Shockblast - Energon - Figure

The homage to the original G1 Decepticon Shockwave is apparent with Shockblast. From the head design to the single optic sensor to the cannon-arm, this toy was meant to represent the logic-minded Decepticon from days long ago. Shockblast is a beautifully designed robot mode with fun gimmicks and incredible articulation. His alternate forms can be a little iffy, but they look and function better in person than they do in any picture.


Set Includes

Shockblast comes boxed in his mobile super-cannon artillery mode. This is a treaded vehicle (the treads don't really work, naturally) with a large dark green, silver, and black cannon in front. The tank portions of the vehicle are purple, light gray, and black with clear green panels on either side, similar to the ones found at the tip of the cannon.

The light gray section just past the cannon is, unfortunately and quite obviously, the robot mode torso. His head, while tucked down slightly, is also visible. But, I suppose when one transforms into a death-machine like this, disguise really isn't all that necessary.

Shockblast's only accessory is a black missile with a rounded, clear green tip that fits into the cannon. Pushing the black lever near the base of the cannon opens up the claws and solar panels, extends the launcher and then fires the missile. Sound effects accompany the launch if you have some AAA batteries laying about. I don't, unfortunately, so I have no idea what sound effects Shockblast makes.


To transform Shockblast into satellite / base mode (from tank mode):

  1. Bring the treads around 180 degrees and extend the smaller portion back.
  2. Swing the black lever under the cannon down for support and swing the extended treads outward.
  3. Split the main tread area apart and out, rotate the purple sections so that the tabs can be locked into the smaller section.
  4. Extend the solar panels out from both sections.
  5. Flip the armed, rear, black panel up and move the launcher switch forward to activate the panels.

Satellite / Base Mode

The back of the box calls this a military satellite mode while the instructions call it a base mode. It can work as either, really, though it's not a very effective layout for a base and there aren't many Transformers that could man it.

When opened, the larger solar panels reveal missile pods, giving Shockblast some added firepower in this mode. Unfortunately, this mode tends to look more like a robot laying down with it's legs spread.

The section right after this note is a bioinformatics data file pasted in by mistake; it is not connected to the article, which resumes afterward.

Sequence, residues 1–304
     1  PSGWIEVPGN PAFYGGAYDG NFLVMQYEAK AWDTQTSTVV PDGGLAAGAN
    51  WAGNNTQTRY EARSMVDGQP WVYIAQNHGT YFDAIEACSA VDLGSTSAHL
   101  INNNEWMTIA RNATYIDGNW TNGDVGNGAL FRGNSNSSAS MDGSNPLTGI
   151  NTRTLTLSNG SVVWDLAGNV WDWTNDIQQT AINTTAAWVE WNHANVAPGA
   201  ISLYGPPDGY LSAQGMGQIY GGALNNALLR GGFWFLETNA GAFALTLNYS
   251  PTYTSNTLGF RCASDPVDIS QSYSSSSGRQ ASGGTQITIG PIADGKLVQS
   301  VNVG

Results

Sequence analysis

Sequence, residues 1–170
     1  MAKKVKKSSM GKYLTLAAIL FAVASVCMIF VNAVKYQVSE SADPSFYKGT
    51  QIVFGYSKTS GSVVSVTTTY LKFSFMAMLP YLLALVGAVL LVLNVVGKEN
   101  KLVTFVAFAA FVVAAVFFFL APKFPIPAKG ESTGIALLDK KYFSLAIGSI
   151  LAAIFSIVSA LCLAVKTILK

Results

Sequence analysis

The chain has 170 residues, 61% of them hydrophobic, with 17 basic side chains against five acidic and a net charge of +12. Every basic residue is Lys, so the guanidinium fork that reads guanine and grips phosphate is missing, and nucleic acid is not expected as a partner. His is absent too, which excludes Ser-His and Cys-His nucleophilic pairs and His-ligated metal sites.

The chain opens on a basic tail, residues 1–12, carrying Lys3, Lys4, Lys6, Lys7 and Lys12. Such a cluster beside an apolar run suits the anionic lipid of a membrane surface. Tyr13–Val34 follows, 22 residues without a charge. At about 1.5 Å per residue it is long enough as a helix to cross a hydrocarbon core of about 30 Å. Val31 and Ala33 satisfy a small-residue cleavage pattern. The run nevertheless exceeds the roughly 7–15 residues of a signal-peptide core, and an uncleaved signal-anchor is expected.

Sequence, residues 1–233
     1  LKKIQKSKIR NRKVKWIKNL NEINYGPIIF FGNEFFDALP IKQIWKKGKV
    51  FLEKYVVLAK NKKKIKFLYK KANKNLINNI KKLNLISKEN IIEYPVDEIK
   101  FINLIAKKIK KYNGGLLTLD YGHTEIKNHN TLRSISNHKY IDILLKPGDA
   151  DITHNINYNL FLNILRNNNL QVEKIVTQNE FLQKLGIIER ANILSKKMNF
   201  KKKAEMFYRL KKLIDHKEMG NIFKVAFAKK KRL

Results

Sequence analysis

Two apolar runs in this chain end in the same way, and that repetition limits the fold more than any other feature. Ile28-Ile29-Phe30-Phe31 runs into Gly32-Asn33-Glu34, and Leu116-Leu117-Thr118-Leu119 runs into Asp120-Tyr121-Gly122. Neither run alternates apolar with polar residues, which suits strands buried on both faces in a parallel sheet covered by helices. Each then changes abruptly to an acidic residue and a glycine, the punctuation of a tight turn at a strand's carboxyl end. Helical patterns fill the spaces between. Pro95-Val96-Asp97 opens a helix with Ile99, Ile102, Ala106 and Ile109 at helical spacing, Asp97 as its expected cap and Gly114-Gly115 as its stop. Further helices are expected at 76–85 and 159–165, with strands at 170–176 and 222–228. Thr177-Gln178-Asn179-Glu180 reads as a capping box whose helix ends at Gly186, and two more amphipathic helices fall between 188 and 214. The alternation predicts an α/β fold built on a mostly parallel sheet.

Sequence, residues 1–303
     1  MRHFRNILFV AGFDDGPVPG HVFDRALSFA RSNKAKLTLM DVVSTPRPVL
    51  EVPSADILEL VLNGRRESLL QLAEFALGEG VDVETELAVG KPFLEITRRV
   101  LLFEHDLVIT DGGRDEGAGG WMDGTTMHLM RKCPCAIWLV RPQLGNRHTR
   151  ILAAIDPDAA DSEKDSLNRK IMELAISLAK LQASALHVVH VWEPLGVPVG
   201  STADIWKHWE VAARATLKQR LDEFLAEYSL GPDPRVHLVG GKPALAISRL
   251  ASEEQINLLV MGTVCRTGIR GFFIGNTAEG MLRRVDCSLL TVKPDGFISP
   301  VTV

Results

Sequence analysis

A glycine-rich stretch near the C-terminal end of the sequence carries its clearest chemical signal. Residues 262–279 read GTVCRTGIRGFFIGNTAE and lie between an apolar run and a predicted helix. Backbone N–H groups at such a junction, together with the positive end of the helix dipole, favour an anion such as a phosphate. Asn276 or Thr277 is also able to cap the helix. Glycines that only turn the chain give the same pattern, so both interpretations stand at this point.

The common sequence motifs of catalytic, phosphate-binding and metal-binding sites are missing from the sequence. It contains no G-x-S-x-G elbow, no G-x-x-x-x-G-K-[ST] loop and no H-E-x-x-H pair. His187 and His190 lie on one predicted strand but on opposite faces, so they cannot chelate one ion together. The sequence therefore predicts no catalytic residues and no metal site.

To transform Shockblast into robot mode (from tank mode):

  1. Rotate the lower portion 90 degrees to the right or left.
  2. Swing the rear treads down and back up, making use of the dual-joints to form a backpack.
  3. Lower the legs, flip the feet and the rear foot stabilizers out.
  4. Lower the cannon and fold the rear treads in.
  5. Bring the other robot arm down and rotate forward.
  6. Turn and raise the head, then flip the antennae up slightly.

Robot Mode

Now this is more like it. Shockblast looks fantastic in robot mode, a definite homage to Shockwave. And as Shockwave had superior articulation for his time, Shockblast doesn't disappoint in that department either. His antennae are positional and he can rotate and bend at the neck. Each shoulder rotates and extends outward. His non-cannon arm has a double-jointed elbow and a positional claw. His waist turns and knees bend. Each hip rotates and moves out and his ankles can turn with each section of the foot being positional.

In addition to the previously mentioned cannon gimmick, Shockblast has a few other features. On the shoulder closest to the main-cannon is his Energon receptacle. His non-cannon arm opens up to form a shield and reveals an Mini-Con port. Shockblast's Hyper Mode consists of opening his backpack and flipping out the solar panels and activating the cannon's gimmick.


If you're a fan of Shockwave, Shockblast is the toy for you. I have to admit, I caught myself on more than one occasion in typing this review of trying to call Shockblast Shockwave. Wonderful articulation, a great looking robot mode, and gimmicks that don't get in the way of the toy. The alternate modes are all right, but considering the robot mode I can certainly overlook their issues.

Final Grade: A-

ReviewerRichard C. Mistron  
DateJuly 3rd 2004  
Score 9 stars (9 out of 10)  

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